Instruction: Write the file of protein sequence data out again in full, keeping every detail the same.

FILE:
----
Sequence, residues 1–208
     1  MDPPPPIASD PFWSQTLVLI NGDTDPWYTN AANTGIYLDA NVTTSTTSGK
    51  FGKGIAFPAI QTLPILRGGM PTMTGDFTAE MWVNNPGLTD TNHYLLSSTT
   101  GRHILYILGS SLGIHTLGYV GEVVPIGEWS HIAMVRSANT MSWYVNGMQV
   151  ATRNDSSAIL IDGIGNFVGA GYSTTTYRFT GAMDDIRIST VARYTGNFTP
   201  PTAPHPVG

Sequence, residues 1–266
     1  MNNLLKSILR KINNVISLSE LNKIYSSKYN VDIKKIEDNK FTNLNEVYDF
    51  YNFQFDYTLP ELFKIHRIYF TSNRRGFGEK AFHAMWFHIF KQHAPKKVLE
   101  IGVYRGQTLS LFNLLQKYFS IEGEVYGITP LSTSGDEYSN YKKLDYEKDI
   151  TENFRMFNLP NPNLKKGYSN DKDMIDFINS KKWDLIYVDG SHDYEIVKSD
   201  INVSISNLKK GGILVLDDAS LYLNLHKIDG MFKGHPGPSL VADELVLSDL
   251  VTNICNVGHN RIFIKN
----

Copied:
Sequence, residues 1–208
     1  MDPPPPIASD PFWSQTLVLI NGDTDPWYTN AANTGIYLDA NVTTSTTSGK
    51  FGKGIAFPAI QTLPILRGGM PTMTGDFTAE MWVNNPGLTD TNHYLLSSTT
   101  GRHILYILGS SLGIHTLGYV GEVVPIGEWS HIAMVRSANT MSWYVNGMQV
   151  ATRNDSSAIL IDGIGNFVGA GYSTTTYRFT GAMDDIRIST VARYTGNFTP
   201  PTAPHPVG

Sequence, residues 1–266
     1  MNNLLKSILR KINNVISLSE LNKIYSSKYN VDIKKIEDNK FTNLNEVYDF
    51  YNFQFDYTLP ELFKIHRIYF TSNRRGFGEK AFHAMWFHIF KQHAPKKVLE
   101  IGVYRGQTLS LFNLLQKYFS IEGEVYGITP LSTSGDEYSN YKKLDYEKDI
   151  TENFRMFNLP NPNLKKGYSN DKDMIDFINS KKWDLIYVDG SHDYEIVKSD
   201  INVSISNLKK GGILVLDDAS LYLNLHKIDG MFKGHPGPSL VADELVLSDL
   251  VTNICNVGHN RIFIKN